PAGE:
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Saudi Med J. 2015 Feb;36(2):181-9. doi: 10.15537/smj.2015.2.9991.

Prevalence, clinical characteristics, and predictors of obesity hypoventilation syndrome in a large sample of Saudi patients with obstructive sleep apnea.

Author information

1
University Sleep Disorders Center, College of Medicine, King Saud University, PO Box 225503, Riyadh 11324, Kingdom of Saudi Arabia. Tel. +966 (11) 4679179. Fax. +966 (11) 4679495. E-mail. ashammam2@gmail.com.

Abstract

OBJECTIVES:

To assess the prevalence, clinical characteristics, and predictors of obesity hypoventilation syndrome (OHS) in a large sample of Saudi patients with obstructive sleep apnea (OSA).

METHODS:

This prospective observational study consisted of 1693 patients who were diagnosed to have sleep-disordered breathing using type I attended polysomnography (PSG) between January 2002 and December 2012 in the University Sleep Disorders Center (USDC) at King Saud University Hospital, Riyadh, Kingdom of Saudi Arabia.

RESULTS:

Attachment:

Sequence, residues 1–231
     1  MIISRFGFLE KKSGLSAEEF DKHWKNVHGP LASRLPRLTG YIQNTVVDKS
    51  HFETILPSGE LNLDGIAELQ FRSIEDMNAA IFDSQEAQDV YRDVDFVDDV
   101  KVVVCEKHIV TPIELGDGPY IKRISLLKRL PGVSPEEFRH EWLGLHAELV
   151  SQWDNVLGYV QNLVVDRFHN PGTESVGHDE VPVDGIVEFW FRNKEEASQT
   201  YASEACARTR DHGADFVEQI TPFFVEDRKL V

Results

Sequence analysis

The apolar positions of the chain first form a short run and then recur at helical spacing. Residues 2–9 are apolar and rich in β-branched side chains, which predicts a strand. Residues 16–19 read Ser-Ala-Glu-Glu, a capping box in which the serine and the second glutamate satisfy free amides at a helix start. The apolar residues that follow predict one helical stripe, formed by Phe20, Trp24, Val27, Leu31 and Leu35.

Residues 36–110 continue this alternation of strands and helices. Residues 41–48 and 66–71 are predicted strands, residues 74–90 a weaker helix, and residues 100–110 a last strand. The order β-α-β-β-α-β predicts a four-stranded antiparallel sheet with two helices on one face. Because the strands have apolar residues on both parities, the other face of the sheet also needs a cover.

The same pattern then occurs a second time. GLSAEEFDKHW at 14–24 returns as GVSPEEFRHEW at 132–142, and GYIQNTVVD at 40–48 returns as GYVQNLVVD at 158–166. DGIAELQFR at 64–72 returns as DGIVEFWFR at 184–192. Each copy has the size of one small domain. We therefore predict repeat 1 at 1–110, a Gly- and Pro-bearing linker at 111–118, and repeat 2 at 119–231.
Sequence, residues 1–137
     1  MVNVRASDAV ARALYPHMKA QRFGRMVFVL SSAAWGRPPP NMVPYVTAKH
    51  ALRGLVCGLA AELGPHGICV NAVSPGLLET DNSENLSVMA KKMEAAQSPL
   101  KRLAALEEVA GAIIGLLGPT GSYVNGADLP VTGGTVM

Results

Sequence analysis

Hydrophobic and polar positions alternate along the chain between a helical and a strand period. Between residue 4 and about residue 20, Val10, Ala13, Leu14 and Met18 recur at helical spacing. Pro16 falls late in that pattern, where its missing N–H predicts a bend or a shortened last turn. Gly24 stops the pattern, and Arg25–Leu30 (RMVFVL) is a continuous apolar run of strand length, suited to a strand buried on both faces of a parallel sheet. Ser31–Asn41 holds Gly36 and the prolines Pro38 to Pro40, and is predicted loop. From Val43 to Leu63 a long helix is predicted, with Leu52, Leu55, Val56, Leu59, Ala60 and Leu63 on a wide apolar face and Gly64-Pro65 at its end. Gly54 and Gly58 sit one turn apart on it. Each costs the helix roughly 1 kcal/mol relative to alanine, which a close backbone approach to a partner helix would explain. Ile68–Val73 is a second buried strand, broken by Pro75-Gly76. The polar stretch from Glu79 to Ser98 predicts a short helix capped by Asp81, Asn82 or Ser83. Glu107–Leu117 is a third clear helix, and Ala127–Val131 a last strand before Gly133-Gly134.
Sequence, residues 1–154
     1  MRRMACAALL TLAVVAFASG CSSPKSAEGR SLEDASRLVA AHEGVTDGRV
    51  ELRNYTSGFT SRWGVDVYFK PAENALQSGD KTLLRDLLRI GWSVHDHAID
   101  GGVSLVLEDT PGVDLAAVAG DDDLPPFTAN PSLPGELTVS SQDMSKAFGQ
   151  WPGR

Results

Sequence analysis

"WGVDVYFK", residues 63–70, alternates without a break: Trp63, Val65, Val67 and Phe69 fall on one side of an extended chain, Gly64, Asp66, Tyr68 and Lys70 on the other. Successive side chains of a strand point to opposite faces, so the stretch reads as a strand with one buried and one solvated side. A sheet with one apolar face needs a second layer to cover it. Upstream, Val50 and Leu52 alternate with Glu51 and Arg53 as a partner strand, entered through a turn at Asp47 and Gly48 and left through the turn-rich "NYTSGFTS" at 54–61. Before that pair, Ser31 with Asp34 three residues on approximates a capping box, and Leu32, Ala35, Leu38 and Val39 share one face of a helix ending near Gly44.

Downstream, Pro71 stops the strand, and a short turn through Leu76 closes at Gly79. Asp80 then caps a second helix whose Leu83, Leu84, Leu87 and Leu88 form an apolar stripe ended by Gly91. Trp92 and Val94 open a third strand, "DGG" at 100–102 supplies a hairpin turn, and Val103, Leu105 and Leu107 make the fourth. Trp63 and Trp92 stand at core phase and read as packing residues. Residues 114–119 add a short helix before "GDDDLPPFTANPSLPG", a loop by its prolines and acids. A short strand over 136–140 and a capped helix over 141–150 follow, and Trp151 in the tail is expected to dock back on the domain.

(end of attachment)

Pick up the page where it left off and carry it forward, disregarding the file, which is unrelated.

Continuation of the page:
Out of 1693 OSA patients, OHS was identified in 144 (8.5%) (women 66.7%). Compared with the pure OSA patients, the OHS patients were significantly older (57.4±13.4 years versus 46.8±13.7 years), had a higher body mass index (44.6±10.8 versus 35.7±9.2 kg/m²), a higher daytime partial pressure of carbon dioxide (PaCO2) (56.5±12.7 versus 41.6±6.7 mmHg), a longer duration of nocturnal oxygen saturation (nSaO2) <90% (71.0±34.3 versus 10.5±20.5 minutes), and a higher apnea hypopnea index (68.2±47.1 versus 46.5±34.1 events/hour). A multivariate logistic regression analysis showed that serum bicarbonate (odds ratio [OR]=1.17, p=0.0001, confidence interval [CI]=1.10-1.25), and duration of nSaO2 <90% (OR=1.05, p=0.0001, CI=1.04-1.06) were predictors of OHS.

CONCLUSION:

Obesity hypoventilation syndrome is common among Saudi OSA patients referred to the Sleep Disorders Center. Serum bicarbonate and duration of nSaO2 <90% are independent predictors of OHS among patients with OSA.

PMID:
25719582
PMCID:
PMC4375695
DOI:
10.15537/smj.2015.2.9991
[Indexed for MEDLINE]
Free PMC Article

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